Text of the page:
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  • Writer's pictureRon Budd

Prince Salman's Eye on the Saudi Education System

If you didn’t already know or maybe you didn’t care Prince Mohammed bin Salman has been acting like a king lately. As his royal father slowly steps back Prince Salman is getting more and more involved in running the Kingdom. And with the strong support of the Allegiance Council, it seems unlikely there will be anyone to usurp him. That’s good new for educators in the Kingdom. With a yearly budget topping off at a little over 50 billion U.S. dollars it’s pretty clear where the Prince’s priories lie. The Kingdom has spent the last few decades redeveloping the infrastructures of their education system. Several new universities and colleges have been completed and there are plans for more. In terms of 21st-century literacy, Saudi Arabia is plowing ahead. Prince Salman has consistently given the approval for the allocation of vast amounts of riyals into the coffers of the education budget. And the lion's share of that is dedicated to the acquisition and utilization of electronic resources. This is also good news. It’s good news for the students. No one with any experience teaching in Saudi Arabia can deny the integration of technology into every aspect of a typical classroom throughout the peninsula. I personally can attest to this. I spent about 4 years living and working in Saudi Arabia. A typical university classroom in KSA has all of the modern equipment needed to educate the youth in 21st-century literacy skills.

However, there is one real problem. Saudis don’t like to teach. Yep, in a country dedicated to education and the continual development of the needed supporting infrastructure: Saudis don’t teach. At least most of them don’t. Sure, there’s no shortage of Saudi Muftis. That’s a career path many young Saudis aspire to, but a career as a secular educator is a career many avoid. And yes, that’s good news for all the rest of us teachers. That’s because if you are a qualified teacher, you can get a relatively good paying job within the Kingdom. On the campus I worked on most of the teaching staff were foreign nationals. Egyptians tend to dominate the profession.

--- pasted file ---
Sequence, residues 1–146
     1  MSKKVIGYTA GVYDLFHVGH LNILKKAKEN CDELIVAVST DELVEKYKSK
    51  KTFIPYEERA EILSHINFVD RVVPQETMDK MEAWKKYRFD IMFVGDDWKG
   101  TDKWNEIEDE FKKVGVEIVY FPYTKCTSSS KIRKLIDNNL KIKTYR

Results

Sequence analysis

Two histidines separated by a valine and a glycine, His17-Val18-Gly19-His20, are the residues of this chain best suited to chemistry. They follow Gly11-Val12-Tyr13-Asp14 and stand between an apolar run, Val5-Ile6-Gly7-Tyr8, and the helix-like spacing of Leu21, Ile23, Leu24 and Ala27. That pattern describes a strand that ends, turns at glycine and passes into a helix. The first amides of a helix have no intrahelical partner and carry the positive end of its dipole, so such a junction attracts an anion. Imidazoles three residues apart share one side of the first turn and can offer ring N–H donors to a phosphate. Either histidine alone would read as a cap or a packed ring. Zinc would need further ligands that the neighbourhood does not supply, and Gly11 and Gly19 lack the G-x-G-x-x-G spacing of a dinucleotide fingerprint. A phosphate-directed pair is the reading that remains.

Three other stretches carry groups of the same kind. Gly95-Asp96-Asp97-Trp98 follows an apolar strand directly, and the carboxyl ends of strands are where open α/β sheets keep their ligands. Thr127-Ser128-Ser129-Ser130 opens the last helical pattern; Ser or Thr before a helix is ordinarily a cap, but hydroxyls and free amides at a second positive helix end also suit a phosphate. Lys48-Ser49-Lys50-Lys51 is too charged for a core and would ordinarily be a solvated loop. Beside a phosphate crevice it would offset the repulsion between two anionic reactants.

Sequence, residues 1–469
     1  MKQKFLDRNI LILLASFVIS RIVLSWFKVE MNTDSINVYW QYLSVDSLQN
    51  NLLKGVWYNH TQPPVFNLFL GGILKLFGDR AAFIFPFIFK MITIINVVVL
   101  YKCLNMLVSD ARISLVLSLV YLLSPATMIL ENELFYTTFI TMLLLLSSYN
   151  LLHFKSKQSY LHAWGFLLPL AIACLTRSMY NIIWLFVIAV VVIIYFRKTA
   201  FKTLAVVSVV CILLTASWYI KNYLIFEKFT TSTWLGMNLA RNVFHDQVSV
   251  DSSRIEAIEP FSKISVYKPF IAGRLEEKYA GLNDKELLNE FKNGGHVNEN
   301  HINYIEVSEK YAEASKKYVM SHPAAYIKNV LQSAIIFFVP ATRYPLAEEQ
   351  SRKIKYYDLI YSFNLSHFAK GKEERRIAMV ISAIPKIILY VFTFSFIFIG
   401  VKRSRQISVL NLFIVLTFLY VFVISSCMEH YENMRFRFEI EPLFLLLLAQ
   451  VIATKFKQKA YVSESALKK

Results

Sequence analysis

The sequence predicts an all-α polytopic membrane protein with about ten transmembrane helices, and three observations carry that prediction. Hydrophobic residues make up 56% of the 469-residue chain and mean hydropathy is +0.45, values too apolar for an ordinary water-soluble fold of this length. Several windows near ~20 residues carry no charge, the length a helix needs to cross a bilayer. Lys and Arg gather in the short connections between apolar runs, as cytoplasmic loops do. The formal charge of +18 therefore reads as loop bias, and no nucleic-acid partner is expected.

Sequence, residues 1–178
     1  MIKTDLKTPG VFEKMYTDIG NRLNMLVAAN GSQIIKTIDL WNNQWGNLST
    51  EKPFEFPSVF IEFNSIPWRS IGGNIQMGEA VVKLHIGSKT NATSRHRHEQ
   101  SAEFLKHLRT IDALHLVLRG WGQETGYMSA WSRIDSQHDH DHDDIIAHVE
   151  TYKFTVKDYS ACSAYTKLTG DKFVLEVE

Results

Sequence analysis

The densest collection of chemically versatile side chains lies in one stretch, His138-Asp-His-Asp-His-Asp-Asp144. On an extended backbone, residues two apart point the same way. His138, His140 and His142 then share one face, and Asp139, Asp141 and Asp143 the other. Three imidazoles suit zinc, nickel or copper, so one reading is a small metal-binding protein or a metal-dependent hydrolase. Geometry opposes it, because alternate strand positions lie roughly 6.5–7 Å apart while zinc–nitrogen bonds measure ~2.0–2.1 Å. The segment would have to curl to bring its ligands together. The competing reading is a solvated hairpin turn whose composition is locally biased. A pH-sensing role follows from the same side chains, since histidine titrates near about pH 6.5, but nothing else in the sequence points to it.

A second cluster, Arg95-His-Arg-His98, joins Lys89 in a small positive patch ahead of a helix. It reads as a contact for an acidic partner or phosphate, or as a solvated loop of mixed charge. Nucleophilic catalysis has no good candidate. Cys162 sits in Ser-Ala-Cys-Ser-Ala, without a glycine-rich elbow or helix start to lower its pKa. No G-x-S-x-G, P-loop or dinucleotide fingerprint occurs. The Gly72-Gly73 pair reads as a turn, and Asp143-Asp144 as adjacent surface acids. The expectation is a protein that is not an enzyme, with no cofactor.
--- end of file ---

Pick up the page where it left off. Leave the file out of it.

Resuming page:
The reasons Saudis don’t teach are deep rooted in their culture. I could be wrong about this but it’s something that I believe won’t change in my lifetime. This poses a problem for the Kingdom in that it goes against the nation’s grand vision to integrate more Saudis into the workforce. This is going to be an ongoing challenge for Prince Mohamed bin Salman. I hope that foreign nationals always have a place in, at and on Saudi university campuses and I also hope for the best for the Saudi education system.

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